Dino Horns: Is Smaller More Evolved?
One can never tell which way the evolutionary path will take to determine fitness. Could be bigger, could be smaller. Could be faster, could be slower. Could be better camouflaged, could be flashy. Michael Ryan (Cleveland Museum) decided that shorter horns on his dinosaur constituted better fitness. CNN says his discovery, a 20-foot dinosaur in Alberta, was on the way to evolving shorter horns. Associated Press began, “A new dinosaur species was a plant-eater with yard-long horns over its eyebrows, suggesting an evolutionary middle step between older dinosaurs with even larger horns and the small-horned creatures that followed, experts said.”
A dinosaur alleged to be 12 million years older also had large horns. Dinosaurs thought to be later in the fossil record had smaller horns. One paleontologist had predicted something like Ryan’s specimen would be found. When it was, he exclaimed, “Lo and behold, evolutionary theory actually works.”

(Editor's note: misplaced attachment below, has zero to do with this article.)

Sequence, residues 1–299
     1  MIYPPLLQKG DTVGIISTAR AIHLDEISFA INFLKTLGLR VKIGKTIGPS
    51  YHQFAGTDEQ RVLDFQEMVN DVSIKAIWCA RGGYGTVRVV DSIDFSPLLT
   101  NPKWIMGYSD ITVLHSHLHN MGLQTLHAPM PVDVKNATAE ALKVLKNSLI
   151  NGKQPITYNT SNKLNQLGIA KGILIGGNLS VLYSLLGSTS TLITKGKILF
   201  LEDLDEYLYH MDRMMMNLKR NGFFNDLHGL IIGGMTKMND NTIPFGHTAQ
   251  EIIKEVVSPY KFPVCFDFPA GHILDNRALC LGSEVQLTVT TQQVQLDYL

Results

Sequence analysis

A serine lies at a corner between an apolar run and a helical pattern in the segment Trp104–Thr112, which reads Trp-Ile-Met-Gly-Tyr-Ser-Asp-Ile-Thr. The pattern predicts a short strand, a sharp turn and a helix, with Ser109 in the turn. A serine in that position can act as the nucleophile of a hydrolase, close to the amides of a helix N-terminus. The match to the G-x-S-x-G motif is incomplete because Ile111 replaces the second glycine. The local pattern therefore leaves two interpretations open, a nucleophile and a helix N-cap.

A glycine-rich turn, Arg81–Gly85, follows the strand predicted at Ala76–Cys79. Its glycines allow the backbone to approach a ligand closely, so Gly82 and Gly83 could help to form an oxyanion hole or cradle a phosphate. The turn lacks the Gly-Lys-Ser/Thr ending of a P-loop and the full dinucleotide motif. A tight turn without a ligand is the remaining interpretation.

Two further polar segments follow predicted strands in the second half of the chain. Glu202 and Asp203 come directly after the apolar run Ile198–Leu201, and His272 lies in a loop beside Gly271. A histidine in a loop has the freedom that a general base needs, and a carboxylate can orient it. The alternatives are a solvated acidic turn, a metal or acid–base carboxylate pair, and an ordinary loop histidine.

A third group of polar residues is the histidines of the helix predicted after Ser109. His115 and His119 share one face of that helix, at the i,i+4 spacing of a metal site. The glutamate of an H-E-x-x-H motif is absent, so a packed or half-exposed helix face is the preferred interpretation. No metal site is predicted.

David Tyler commented on this story on Access Research Network.
…which wins Stupid Evolution Quote of the Week. Do you think this paleontologist had any doubts? Was he relieved that his colleague was able to stuff data into a preconceived set of assumptions? This is like the magic trick where a jokester says to his dupe, “pick a finger – any finger.” Once selected, the magician scrambles his fingers rapidly then – alacazam! He finds the correct finger that the victim had selected. Evolution is a foregone conclusion in spite of the data. If horns were getting bigger, that would mean evolutionary theory actually works. If they were getting bigger then smaller, or smaller then bigger, that would also mean evolutionary theory actually works. Evolutionary theory is a GIGO game (garbage-in, garbage-out) where any combination of input produces a satisfying confirmation of expectations (for swine).